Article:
New Yorker editor David Remnick spoke with Hillary Clinton for a wide-ranging profile in the magazine’s September 25th issue. Remnick interviewed Clinton and other players — both off-the-record and on — on the occasion of the publication of What Happened, her memoir of winning the popular vote but losing the more crucial electoral one to a crass, bigoted reality TV star.
Remnick considers the role the media might have played in this debacle by frequently, unfairly, painting Clinton in a harsh light. It’s nothing new, he acknowledges, pointing to a similar discussion in a 1996 profile in his own magazine:
Twenty-one years ago, in an article for this magazine called “Hating Hillary,” by Henry Louis Gates, Jr., she admitted, “I apparently remind some people of their mother-in-law or their boss, or something.” In the same piece, Arianna Huffington remarks on Clinton’s “self-righteousness,” Peggy Noonan on her “apple-cheeked certitude.” Gates observed that Clinton was widely perceived as Mrs. Jellyby, the character in Charles Dickens’s “Bleak House” who is as “intent on improving humanity as she is cavalier toward actual human beings . . . the zealous reformer with a heart as big as all Antarctica.”
Such ingrained habits of media antagonism proved to be another factor that allowed Trump, the biggest liar in the history of Presidential politics, to be seen by tens of millions of people as a figure of rude authenticity, their champion. In Clinton’s view, she could never win with people who had been trained to regard her as a high-minded phony. Her wariness and evasions drained their sympathy; her strained attempts to win people back too often fell flat. Why couldn’t she be admired for her intelligence, her competence, her experience?
It’s been a heck of a few days after a heck of a few months after approximately 900 years that got squeezed into this mutation of the space-time continuum we’re calling 2017.
Our president’s namesake has gotten himself into a bit of a pickle and the New York Times, as the saying goes, is on it. The first story, published on Saturday, noted how Donald J. Trump, Jr. said in March that he probably met with people that were Russian — who hasn’t, in today’s globalized world? — but no meetings “that were set up” and “certainly none” in which he was representing his father’s presidential campaign.
And then this beauty of a standalone single-sentence paragraph:
Asked at that time whether he had ever discussed government policies related to Russia, the younger Mr. Trump replied, “A hundred percent no.”
But then the Times tells Junior — and Paul Manafort, the former Trump campaign chairman, and Jared Kushner, the young son-in-law with the security clearance and the mandate to fix the Middle East — that they know about a meeting.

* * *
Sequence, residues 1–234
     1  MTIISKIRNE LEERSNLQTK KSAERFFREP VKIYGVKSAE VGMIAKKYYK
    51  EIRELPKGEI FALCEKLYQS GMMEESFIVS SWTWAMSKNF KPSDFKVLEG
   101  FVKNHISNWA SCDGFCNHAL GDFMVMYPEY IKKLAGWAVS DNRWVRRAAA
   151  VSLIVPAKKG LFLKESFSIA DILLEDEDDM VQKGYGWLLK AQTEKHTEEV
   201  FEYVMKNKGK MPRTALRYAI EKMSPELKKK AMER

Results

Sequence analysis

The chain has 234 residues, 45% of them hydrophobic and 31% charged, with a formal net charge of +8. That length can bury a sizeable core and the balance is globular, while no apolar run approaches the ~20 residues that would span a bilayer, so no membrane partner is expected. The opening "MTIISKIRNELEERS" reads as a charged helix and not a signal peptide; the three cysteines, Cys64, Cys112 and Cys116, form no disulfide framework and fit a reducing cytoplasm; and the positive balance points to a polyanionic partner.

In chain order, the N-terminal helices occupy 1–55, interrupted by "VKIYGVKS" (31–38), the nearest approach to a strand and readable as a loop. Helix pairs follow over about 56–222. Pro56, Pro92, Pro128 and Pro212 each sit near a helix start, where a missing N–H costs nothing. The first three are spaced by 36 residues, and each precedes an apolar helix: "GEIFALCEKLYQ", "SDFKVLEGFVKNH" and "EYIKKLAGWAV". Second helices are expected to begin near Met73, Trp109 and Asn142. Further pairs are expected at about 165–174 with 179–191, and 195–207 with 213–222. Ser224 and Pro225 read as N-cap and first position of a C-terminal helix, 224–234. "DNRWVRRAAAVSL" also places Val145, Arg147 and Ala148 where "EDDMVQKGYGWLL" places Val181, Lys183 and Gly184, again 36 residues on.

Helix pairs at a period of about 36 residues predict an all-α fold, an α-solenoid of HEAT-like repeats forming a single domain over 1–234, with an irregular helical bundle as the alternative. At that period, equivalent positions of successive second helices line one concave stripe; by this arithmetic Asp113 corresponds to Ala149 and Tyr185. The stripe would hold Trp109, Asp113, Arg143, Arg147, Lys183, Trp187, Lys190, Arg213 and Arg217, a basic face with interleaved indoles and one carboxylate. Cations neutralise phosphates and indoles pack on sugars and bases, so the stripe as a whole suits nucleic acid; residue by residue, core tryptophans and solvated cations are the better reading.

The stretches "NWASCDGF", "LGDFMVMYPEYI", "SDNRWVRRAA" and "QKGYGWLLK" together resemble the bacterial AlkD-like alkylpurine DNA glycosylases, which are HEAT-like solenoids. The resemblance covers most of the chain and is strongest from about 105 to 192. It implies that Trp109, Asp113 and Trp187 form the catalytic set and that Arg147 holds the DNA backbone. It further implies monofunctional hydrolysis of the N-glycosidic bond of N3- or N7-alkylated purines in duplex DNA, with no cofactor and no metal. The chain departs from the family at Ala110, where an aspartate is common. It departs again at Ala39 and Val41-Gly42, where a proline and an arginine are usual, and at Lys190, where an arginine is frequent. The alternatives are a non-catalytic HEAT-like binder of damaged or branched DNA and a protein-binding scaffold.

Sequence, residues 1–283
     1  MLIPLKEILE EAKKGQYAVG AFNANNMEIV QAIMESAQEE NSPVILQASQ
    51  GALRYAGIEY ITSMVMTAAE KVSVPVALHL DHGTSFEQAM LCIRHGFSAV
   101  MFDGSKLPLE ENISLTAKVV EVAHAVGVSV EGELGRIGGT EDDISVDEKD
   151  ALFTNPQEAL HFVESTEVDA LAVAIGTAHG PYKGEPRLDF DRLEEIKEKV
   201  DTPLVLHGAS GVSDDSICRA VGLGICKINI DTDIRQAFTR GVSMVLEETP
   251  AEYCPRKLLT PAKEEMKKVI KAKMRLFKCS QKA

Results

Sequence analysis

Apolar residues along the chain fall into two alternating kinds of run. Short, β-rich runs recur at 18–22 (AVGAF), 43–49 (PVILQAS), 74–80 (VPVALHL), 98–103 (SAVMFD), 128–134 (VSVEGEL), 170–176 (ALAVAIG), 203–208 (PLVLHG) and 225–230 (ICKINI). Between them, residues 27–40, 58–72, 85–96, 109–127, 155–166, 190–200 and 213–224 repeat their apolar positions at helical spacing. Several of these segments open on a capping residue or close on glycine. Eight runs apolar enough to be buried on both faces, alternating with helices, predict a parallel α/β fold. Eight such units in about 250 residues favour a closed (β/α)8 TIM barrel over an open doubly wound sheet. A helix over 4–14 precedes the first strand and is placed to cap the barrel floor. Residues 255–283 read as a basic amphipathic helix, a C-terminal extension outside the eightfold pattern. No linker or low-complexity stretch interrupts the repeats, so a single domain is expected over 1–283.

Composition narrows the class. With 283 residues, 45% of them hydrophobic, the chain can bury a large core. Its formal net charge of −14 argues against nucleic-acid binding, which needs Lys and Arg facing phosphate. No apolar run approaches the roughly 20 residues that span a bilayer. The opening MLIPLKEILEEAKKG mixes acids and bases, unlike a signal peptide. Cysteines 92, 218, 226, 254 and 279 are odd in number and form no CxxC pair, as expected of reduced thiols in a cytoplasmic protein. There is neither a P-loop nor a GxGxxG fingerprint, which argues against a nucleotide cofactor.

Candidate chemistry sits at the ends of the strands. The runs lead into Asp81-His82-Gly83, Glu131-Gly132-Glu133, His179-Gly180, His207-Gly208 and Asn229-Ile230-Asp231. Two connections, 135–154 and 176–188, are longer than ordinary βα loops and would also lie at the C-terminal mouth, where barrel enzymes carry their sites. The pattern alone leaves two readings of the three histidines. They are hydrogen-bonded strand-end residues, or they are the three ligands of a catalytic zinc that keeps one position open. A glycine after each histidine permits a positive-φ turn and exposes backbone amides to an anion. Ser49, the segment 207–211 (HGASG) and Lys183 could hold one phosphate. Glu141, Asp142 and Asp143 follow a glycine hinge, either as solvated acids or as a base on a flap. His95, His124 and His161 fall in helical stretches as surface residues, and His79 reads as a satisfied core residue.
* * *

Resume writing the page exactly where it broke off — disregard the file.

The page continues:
How do they know about it? Well, that security clearance-wielding son-in-law’s lawyer went ahead and told them Junior invited his brother-in-law to it.
So back on Saturday, approximately 16 lifetimes ago, Junior says the meeting, with Krelim-connected Russian lawyer Natalia Veselnitskaya, was just about adoption.
On Sunday, the Times publishes another story, this time citing five anonymous sources, two of whom are identified as advisors to the White House, saying Junior went to the meeting after being promised damaging information about Hillary Clinton.
This time, Junior says, OK, yes, we talked about Clinton — but it’s not what you think!
“After pleasantries were exchanged,” he said, “the woman stated that she had information that individuals connected to Russia were funding the Democratic National Committee and supporting Mrs. Clinton.”
Russia was helping Clinton. Also, for what it’s worth, this Russian lady lawyer “made no sense,” Junior tells the Times.
On Monday, the Times has a new story. This one says there’s an email that explicitly told Junior the Russian lawyer had information on Hillary Clinton that “was part of a Russian government effort to aid his father’s candidacy.”
Yikes. What say you now, Junior?
Obviously I'm the first person on a campaign to ever take a meeting to hear info about an opponent… went nowhere but had to listen. https://t.co/ccUjL1KDEa
Other tweets that day include a New York Post story calling the Times’ work “a big yawn,” a Fox host claiming that calling the meeting a “nothing burger” is an “insult to nothing burgers,” and a retweet of Dad’s biggest fan, Laura Ingraham, re-upping a Politico story from January about Ukrainian efforts to help Clinton.
(In case you, like Ingraham, are too busy to click on the story, it says that Ukraine’s efforts “were far less concerted or centrally directed than Russia’s alleged hacking and dissemination of Democratic emails. Russia’s effort was personally directed by Russian President Vladimir Putin, involved the country’s military and foreign intelligence services, according to U.S. intelligence officials.”)
Guys. Guys! Never give them more time to comment. This is the greatest lesson I ever learned from Andrew Cuomo’s press office. You politely say, “We’ll be happy to add in your comment whenever you send it!” and hit publish.
Russian Dirt on Clinton? ‘I Love It,’ Donald Trump Jr. Said
Whomever wrote this headline is having a great day.
Less good day for the person who wrote the email to Junior that explicitly stated they wanted to provide information on Clinton that “is part of Russia and its government’s support for Mr. Trump.”
To which Junior responded with a line that will make Carly Rae Jepsen weep missed-opportunity tears when she reads it:
He replied within minutes: “If it’s what you say I love it especially later in the summer.”